recovery victory

The brain does weird things when you deprive it of food.

And I don’t mean just calorically. Even if you’re eating 2000, 3000 calories a day in recovery, if they’re all safe, you’re still going to be obsessed with food and what you “can’t” have.

(AKA a friendly reminder to challenge yourself today.)

#No9TWritingChallenge II: 41

Word: Roar

Originally posted by teapotsandroses

You say it’s
a cry of the weak.
But I call it
my roar of victory.
Because it took what feels
like a lifetime
to accept that
it takes strength
to need
a helping hand.



That, my friends, is what we call an achievement. It’s my absolute childhood favourite: Nana’s Mac and Cheese *u*

I saw just how much cheese and milk and butter goes into it and guess what? I didn’t give a shit. All that mattered is how delicious it was. I had all of this AND finished off loads of Nana’s portion too! Can I get a freakin round of applause??

Tips for Breaking Your Gum Addiction

It’s been a little more than two and a half months since I stopped chewing gum, so I wanted to share some advice on how to do it :) 

  • Focus on the long-term gratification. Try to make it just one day without gum. At the end of the day, think about how good it feels to NOT have chewed gum. I know that after I binged on gum, I always experienced guilt/shame/sadness— compared to pride/accomplishment when I had resisted the temptation. Chewing gum feels good in the moment, but (literally) at the end of the day, staying strong feels so much better.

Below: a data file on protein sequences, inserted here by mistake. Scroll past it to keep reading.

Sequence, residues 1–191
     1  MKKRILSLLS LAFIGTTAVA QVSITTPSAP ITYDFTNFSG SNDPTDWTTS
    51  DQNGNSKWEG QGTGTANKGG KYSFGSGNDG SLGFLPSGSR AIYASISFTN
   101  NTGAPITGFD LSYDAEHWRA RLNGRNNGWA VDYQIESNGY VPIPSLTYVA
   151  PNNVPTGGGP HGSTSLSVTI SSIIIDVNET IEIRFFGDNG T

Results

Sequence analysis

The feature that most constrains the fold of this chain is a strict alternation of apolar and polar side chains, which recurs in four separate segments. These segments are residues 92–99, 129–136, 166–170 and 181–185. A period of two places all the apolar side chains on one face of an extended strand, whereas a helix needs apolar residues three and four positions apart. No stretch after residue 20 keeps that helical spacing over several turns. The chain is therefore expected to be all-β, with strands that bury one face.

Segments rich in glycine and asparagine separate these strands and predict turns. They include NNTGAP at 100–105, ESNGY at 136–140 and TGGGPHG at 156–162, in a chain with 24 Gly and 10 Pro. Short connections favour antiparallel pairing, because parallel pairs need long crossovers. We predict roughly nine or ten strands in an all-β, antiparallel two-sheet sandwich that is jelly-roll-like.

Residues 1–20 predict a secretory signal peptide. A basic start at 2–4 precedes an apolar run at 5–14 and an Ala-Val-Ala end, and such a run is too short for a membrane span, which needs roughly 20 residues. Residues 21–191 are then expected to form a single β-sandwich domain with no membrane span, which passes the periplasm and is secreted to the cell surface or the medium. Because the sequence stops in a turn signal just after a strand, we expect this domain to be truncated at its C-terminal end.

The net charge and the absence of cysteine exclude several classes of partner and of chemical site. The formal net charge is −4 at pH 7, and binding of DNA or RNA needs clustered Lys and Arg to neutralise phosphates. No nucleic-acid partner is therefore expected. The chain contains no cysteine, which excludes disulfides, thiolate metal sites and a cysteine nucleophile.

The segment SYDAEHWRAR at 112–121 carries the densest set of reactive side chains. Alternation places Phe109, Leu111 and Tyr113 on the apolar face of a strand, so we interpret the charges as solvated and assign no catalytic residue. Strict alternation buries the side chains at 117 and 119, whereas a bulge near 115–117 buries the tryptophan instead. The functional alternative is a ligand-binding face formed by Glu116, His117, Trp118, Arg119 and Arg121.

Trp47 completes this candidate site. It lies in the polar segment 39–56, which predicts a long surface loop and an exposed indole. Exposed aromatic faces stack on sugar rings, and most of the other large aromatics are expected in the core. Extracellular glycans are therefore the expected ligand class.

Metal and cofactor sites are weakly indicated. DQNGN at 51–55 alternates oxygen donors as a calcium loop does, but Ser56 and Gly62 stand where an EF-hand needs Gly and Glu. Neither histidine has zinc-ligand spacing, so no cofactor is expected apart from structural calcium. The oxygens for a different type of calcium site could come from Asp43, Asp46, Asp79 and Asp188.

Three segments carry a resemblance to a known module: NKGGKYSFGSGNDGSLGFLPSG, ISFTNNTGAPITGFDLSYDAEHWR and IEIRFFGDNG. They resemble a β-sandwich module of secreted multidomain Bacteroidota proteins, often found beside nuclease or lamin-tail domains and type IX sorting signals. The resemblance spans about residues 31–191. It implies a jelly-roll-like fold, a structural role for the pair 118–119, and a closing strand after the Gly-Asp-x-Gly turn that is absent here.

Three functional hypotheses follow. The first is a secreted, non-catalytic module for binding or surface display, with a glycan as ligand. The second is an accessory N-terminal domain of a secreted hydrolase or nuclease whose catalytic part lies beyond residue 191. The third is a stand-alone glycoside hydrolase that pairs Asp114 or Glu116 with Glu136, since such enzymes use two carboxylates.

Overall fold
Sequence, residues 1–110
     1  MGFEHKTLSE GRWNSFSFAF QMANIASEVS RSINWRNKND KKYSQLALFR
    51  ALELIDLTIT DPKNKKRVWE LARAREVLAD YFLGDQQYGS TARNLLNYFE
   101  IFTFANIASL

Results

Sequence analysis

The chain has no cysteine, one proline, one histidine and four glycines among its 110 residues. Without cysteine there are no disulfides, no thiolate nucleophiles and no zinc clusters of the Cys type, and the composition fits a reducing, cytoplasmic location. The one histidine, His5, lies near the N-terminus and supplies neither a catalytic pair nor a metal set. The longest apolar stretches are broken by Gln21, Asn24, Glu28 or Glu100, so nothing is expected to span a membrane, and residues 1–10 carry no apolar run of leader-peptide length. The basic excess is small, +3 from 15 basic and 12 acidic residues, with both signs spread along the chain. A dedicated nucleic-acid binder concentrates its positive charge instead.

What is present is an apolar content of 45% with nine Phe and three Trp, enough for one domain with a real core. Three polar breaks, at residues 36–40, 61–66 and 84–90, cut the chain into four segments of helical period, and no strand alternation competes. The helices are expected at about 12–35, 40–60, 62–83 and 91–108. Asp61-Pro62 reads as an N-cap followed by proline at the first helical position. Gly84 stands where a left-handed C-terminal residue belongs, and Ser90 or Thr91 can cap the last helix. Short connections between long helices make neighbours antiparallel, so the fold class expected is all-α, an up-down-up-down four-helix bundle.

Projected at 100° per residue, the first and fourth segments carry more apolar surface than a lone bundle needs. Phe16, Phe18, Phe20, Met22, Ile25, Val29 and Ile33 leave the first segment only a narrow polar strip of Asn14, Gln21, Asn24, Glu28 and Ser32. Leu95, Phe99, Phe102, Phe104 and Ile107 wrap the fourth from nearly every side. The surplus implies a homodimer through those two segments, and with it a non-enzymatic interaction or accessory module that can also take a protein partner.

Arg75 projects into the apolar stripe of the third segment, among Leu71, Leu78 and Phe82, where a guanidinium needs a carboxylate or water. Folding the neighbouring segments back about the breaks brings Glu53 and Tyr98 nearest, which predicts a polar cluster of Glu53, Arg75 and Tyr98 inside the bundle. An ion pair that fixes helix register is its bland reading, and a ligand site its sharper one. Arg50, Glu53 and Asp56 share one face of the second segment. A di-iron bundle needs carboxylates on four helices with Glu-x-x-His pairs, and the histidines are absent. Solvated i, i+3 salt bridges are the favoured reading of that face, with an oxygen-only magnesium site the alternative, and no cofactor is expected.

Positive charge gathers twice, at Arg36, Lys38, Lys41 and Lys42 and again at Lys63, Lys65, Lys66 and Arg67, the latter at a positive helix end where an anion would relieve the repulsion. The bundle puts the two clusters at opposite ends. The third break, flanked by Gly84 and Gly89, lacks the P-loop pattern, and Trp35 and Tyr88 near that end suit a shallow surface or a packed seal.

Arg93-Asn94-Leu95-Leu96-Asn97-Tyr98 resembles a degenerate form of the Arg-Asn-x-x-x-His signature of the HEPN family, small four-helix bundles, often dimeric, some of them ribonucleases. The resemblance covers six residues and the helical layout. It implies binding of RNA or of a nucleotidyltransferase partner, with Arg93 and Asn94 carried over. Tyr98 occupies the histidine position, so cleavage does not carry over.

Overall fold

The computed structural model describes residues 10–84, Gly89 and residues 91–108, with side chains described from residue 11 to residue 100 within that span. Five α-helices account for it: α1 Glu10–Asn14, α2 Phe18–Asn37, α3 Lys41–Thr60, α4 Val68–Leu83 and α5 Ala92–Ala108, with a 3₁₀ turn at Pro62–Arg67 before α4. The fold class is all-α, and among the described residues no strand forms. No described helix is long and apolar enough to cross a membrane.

• Respect your hunger. You’re thinking, “But I chew gum so I don’t HAVE to eat!” Sorry, but gum doesn’t equal nutrients. You need food in your mouth, not flavor. If you rely on gum as a way to stimulate your taste buds while restricting, there’s only one way to kick the habit, and that’s to eat when you’re hungry. Trust me, I know it’s hard. I’ve been starving an hour after a huge breakfast, and although in the past I would’ve chewed manically for two hours to put off eating until my “set time,” now I have a snack. Your body is telling you something, and it’s your responsibility to listen, not trick it.
  • Brush your teeth. If you’re craving gum not because you’re hungry, but because you’re bored, brush your teeth! It’s the same burst-y effect in your mouth, but unlike gum, it has that sense of finality, like after you brush your teeth, you’re going to move on with your life.
  • Don’t chew it at all. Ever. You’re dependent on gum, and so you can’t chew it “in moderation.” Don’t accept pieces from friends, don’t buy a pack with the plan to spread it out over a couple of days, just. don’t. chew. it. I know from prior experiences of trying to quit that “just one piece” turns into a whole pack very, very quickly.
  • Mark your progress on a calendar/reward yourself. For every day you make it, draw a little smiley-face. It’s so so so cool to see the smiley faces stack up. After I reach certain mile-stones, I like to treat myself!

I hope this advice helps anyone who is trying to stop chewing gum! It’s such a hard thing to overcome, but speaking as someone who used to walk two miles just to buy a pack, it’s definitely do-able.